New squatter bills proposed in New York to track and charge trespassers

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Thursday, June 6, 2024
New squatter bills proposed to track and charge trespassers
Dan Krauth has the story at City Hall on the proposed squatter bills.

NEW YORK CITY (WABC) -- A group of New York City councilmembers are throwing their support behind two new bills that would deal with "squatters" in the city and state. This is in addition to changes that have already been made recently to state property law.

The first, is a New York City bill that would require police, 911, 311 and other city agencies to track all squatter calls to know how often and where it's happening.

"They are not tenants, they're squatters, they should be separate from tenants," said Councilmember Susan Zhuang who wrote the bill.

More than a dozen councilmembers have co-sponsored the legislation.

This spring, state lawmakers voted to revise property law to define tenants to exclude squatters after a series of 7 On Your Side Investigations.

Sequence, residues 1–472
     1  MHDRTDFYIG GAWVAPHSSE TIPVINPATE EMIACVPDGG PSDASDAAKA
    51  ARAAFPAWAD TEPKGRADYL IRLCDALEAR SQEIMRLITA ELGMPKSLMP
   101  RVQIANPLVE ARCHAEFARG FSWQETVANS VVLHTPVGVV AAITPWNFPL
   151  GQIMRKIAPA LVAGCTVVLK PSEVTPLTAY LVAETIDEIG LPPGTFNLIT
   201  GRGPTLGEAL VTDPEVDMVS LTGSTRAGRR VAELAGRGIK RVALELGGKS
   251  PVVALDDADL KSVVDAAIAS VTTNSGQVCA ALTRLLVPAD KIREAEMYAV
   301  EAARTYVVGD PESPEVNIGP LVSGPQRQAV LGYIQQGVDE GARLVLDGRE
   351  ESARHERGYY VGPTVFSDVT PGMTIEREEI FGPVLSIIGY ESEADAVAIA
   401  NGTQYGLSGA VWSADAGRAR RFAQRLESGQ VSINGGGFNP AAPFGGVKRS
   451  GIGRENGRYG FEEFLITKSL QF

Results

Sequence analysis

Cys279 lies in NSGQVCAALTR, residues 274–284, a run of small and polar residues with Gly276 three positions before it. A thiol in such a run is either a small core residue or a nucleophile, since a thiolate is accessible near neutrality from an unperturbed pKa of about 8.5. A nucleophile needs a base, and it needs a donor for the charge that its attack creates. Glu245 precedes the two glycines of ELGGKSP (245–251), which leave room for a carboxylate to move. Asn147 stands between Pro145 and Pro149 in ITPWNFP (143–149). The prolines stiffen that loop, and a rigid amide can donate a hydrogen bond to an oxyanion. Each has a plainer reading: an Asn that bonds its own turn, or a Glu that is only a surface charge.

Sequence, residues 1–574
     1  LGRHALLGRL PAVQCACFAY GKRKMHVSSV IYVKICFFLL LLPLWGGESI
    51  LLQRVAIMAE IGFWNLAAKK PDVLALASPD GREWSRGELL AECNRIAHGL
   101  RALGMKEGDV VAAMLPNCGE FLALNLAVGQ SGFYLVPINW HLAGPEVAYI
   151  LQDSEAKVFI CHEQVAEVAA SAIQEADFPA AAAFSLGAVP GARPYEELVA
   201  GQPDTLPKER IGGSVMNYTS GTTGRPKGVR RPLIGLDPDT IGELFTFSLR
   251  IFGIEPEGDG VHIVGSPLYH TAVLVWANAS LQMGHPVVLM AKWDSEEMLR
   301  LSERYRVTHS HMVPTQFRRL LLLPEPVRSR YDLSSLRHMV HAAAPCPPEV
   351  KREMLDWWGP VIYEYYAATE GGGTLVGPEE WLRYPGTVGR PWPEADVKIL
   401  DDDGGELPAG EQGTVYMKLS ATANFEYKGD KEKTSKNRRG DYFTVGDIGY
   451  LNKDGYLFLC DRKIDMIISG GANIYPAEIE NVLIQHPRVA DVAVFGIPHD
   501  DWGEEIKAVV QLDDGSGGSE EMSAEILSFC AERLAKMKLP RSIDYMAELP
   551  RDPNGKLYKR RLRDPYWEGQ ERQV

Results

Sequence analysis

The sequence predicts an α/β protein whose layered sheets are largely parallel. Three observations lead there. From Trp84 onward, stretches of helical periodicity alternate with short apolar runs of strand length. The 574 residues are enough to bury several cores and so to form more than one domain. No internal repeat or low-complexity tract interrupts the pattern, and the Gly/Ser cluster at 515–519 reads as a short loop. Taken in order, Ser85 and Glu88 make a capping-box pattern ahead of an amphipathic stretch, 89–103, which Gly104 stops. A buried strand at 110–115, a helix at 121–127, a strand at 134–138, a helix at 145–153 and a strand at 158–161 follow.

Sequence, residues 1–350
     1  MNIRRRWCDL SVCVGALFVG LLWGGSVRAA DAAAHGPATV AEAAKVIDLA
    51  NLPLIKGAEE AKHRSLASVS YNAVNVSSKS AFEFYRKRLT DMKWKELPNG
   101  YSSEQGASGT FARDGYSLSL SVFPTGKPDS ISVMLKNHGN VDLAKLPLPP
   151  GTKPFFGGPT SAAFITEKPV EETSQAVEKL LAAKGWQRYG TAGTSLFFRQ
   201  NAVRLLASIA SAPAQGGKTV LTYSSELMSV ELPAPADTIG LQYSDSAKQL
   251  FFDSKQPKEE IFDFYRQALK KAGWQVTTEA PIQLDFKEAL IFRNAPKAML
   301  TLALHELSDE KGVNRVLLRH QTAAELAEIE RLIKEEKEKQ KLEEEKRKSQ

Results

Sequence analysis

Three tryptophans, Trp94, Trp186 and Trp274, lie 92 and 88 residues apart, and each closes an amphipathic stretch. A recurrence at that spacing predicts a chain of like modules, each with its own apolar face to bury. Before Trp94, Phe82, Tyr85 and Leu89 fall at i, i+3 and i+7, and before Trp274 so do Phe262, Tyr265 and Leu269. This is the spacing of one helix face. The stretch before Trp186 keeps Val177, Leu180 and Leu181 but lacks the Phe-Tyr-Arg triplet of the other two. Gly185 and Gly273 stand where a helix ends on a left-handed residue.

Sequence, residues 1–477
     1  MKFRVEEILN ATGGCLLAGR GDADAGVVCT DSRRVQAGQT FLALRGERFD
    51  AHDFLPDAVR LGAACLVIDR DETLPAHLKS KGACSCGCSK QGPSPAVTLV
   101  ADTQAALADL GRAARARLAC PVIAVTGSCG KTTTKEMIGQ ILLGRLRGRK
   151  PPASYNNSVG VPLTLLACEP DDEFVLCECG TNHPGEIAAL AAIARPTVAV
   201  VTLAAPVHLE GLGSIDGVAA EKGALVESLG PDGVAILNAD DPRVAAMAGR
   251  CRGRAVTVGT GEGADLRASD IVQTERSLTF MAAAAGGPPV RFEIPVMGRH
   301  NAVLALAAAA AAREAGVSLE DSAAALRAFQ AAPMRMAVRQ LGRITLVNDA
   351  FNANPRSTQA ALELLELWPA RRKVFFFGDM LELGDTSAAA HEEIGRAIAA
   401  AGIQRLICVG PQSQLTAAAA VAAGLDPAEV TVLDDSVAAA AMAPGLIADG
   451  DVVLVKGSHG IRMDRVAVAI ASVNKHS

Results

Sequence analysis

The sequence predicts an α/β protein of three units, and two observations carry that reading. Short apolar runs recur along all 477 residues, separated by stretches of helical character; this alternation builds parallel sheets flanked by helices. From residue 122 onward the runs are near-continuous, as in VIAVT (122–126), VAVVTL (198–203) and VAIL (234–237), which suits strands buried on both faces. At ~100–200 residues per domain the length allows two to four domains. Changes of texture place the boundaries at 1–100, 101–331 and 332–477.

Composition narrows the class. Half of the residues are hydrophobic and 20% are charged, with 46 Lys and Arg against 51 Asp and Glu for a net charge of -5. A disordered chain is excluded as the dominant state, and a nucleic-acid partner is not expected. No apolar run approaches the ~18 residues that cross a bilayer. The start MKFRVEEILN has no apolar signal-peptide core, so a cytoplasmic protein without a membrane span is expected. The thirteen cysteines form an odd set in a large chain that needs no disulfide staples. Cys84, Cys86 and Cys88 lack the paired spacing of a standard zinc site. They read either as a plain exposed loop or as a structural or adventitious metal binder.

"This is a really great first step and I considerate a huge win," Senator Jessica Scarcella-Spanton said.

She filed a bill to expand on the changes that have already been made.

Her bill would allow prosecutors to charge squatters with criminal trespassing and give tenants rights after 60 days, instead of 30 days.

"We want to add this enhancement so that people know that not only do squatters not have rights but it also has criminal repercussions attached to it," Senator Scarcella-Spanton said.

On Thursday, Councilmember Zhuang also filed a resolution in support of Senator Scarcella-Spanton's bill.

City councilmembers weighed in on the new legislation during a press conference on the steps of City Hall Thursday afternoon.

"It's unacceptable that homeowners have to spend thousands of dollars going into court to protect which is rightfully theirs, which is their own home, their own property," Councilmember Julie Menin said.

Not everyone's in favor of the proposed bills. Some housing advocates worry the new laws could chip away at the rights of every day tenants.

Bill supporters say the rights of tenants can be protected while also protecting small property owners.


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